Monday, May 2


Ron Brownstein gives a wider audience to community organizer Mark Winston Griffith's essay Consumer Versus Community:

The central flaw in Bush's ownership society, Griffith believes, is that its key elements actively encourage such tunnel vision. Vouchers that allow parents to send their children to private school, for instance, provide a lifeline for some, but invite them to flee a shared investment in public schools.

Reducing guaranteed benefits under Social Security, and urging workers to make up the difference with individual investment accounts, erodes the program's role as a shared safety net for all Americans. Health savings accounts that encourage younger and healthier workers to abandon group health insurance plans work the same way.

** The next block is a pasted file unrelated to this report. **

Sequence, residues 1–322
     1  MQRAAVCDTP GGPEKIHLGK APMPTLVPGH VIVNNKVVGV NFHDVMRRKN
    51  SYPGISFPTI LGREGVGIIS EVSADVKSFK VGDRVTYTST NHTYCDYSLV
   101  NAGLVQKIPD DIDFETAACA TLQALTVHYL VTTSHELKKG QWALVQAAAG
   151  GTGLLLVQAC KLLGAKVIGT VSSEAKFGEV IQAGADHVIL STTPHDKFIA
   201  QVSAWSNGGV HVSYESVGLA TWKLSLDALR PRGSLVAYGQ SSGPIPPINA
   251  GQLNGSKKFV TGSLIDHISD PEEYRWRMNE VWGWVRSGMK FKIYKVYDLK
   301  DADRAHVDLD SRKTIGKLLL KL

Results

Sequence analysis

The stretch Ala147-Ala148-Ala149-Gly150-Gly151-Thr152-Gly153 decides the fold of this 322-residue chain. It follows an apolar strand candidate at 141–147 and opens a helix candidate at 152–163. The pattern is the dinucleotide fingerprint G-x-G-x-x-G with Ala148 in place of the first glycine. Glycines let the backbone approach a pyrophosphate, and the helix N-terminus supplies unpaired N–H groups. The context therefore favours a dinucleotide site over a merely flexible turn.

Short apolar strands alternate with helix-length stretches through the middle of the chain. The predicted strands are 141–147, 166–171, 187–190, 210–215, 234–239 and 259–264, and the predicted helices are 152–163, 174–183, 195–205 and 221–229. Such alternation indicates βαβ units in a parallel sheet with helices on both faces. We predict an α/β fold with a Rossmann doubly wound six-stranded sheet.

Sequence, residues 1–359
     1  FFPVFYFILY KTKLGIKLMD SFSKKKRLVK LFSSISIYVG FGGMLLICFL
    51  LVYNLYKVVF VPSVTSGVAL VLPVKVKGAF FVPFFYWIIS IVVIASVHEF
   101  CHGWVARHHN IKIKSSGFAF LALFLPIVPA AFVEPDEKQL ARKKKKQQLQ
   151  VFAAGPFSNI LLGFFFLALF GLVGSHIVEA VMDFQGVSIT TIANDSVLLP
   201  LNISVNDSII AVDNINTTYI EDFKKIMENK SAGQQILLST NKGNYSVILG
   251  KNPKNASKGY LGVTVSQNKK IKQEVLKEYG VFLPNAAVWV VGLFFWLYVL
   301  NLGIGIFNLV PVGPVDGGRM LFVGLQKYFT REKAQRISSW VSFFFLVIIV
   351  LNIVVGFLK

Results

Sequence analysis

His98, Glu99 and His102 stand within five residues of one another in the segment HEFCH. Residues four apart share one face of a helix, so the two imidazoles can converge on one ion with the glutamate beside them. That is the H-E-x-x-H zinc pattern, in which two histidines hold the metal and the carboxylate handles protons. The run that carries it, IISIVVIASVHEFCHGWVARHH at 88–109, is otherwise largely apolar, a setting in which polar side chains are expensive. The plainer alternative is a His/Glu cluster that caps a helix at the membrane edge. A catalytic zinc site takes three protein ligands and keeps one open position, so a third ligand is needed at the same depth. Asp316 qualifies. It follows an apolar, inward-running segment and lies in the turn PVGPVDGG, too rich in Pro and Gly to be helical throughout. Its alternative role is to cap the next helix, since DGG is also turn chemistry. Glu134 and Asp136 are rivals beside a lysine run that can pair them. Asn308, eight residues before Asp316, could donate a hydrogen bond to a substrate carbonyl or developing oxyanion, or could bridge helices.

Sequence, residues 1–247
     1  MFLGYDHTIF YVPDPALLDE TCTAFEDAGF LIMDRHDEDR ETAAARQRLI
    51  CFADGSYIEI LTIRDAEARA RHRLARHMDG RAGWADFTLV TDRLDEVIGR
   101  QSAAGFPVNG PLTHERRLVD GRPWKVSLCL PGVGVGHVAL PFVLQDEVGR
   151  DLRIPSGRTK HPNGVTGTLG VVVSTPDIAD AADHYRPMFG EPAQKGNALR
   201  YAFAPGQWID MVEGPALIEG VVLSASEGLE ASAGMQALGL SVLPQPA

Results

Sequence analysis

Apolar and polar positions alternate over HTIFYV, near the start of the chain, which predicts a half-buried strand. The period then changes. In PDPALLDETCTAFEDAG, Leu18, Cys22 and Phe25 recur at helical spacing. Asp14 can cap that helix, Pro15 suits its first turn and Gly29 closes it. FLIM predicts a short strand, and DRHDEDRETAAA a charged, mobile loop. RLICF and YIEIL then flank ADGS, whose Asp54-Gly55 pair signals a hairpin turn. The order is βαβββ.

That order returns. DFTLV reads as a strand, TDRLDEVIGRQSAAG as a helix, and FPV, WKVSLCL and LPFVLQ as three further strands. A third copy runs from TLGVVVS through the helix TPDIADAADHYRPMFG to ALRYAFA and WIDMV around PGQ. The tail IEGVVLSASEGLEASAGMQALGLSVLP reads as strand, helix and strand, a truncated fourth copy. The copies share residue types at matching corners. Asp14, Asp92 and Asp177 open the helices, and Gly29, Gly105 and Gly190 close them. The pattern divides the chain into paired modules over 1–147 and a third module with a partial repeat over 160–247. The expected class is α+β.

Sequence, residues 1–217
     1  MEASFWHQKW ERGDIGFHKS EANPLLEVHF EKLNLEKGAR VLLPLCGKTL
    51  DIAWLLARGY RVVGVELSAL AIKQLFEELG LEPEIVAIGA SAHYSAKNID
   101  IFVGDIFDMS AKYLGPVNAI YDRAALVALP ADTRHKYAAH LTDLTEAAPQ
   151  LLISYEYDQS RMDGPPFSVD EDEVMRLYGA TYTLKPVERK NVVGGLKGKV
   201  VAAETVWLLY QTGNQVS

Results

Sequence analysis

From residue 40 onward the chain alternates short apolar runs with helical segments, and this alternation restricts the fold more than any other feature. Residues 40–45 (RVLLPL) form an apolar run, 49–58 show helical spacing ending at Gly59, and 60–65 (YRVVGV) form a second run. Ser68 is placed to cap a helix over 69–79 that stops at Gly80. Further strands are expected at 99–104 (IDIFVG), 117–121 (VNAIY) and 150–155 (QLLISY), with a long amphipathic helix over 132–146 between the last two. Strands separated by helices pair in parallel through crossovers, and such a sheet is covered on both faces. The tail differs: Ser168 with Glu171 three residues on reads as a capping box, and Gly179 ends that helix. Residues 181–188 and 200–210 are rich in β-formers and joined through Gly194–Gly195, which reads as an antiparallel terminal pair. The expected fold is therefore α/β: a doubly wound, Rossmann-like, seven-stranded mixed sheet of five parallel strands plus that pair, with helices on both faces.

Griffith's entire essay can be found here. It's a compelling, thought-provoking piece. More excerpts:

Yet it is misguided to fetishize homeownership, assign it mystical virtues or measure an individual's value to society based on what he or she owns.  If the goal of President Bush's Ownership Society is to create stakeholders who are responsible, contributing members of society, we need national leadership that can discern consumerism from citizenship.
When the conversation turns to the ownership society, community, political and religious leaders should talk about the responsibility that homeowners have to their neighbors and how they can use their social capital and local standing to rebuild the communities around them. Maybe then, homeownership can be used to inspire a higher moral purpose than "Get Yours."


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